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A business case for narrowBand IoT in Africa

Oct 24, 20176 mins
Internet of Things

NB-IoT has been praised to be an ideal system to jumpstart IoT services. But are there business opportunities with this technology?

The internet of things is slowly percolating into the African market. The deployment of LTE in various markets across the continent is raising the stakes for IoT and innovators are excited. Moreover, mobile network operators are likely to push for narrowband IoT (NB-IoT) adoption.

Kenyan telecom company Safaricom plans to launch a narrowband IoT network for the Kenyan market. According to Thibaud Rerolle, the CTO at Safaricom, the launch of the network will inspire innovation and contribute greatly to improving the economy.

“I think IoT exemplifies nicely our vision to transform lives through technology. With the advent of narrowband IoT in our 4G network, this will give the capability to offer IoT use cases to the public,” Rerolle said in an ITWeb Africa article.

Down south, Vodacom South Africa launched an NB-IoT lab at its Vodaworld campus in Johannesburg, to spur innovation. The lab, which was opened in July, aims to host the machine-to-machine innovation that fuels IoT.

Deon Liebenberg, managing executive for Vodacom IoT says that “Vodacom’s NB-IoT lab provides a controlled test environment and framework for customers and developers to develop hardware and applications as well as test their end point devices on the NB-IoT network. Vodacom is investing heavily in South Africa’s NB-IoT ecosystem and we look forward to collaborating with developers and customers to realise its potential.”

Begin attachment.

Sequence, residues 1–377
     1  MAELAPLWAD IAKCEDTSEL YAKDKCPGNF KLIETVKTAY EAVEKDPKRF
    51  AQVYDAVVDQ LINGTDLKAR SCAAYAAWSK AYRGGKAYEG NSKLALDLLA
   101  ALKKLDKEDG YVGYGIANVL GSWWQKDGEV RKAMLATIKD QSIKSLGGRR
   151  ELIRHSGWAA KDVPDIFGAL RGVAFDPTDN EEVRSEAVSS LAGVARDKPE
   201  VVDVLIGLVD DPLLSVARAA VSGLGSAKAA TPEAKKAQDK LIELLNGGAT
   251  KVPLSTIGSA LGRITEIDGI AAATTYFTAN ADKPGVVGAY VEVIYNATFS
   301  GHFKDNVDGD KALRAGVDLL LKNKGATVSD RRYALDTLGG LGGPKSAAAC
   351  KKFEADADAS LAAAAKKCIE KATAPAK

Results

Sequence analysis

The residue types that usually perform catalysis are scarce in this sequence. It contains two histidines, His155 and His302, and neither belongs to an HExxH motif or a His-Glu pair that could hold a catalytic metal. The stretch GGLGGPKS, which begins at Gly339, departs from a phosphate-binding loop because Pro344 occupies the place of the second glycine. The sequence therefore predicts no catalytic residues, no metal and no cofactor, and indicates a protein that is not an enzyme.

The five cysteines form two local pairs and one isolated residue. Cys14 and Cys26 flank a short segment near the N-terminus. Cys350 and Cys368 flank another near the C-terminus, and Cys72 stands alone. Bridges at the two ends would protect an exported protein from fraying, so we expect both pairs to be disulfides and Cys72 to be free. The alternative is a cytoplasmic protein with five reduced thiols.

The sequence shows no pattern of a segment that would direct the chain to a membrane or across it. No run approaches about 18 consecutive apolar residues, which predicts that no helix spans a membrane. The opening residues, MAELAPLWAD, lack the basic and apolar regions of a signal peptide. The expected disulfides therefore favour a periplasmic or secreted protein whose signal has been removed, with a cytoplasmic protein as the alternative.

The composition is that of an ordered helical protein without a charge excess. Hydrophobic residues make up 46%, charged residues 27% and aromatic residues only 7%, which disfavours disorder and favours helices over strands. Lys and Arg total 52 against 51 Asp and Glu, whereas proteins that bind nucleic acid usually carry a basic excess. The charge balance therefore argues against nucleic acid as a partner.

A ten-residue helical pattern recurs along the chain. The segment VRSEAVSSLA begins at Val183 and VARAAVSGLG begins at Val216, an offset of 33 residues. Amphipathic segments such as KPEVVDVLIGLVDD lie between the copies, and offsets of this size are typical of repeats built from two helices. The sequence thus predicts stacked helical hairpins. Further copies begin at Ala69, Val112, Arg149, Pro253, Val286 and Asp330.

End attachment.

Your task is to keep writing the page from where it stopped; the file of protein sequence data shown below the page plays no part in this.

Why NB-IoT?

It is expected that between 2017 and 2020, the number of connected things will grow from 8.4 billion to 20.4 billion due to NB-IoT. This is because the technology allows for connectivity in the hardest to access areas—which will increase business efficiencies and will offer new managed services opportunities—driving business to a total and always connected environment irrespective of where they operate in.

NB-IoT is a Low Power Wide Area (LPWA) network technology and is ratified 3GPP, a telecoms standards body which works to develop future generation wireless technologies. Narrowband IoT offers specific qualities that make it a starting point for pushing IoT into emerging markets within Africa.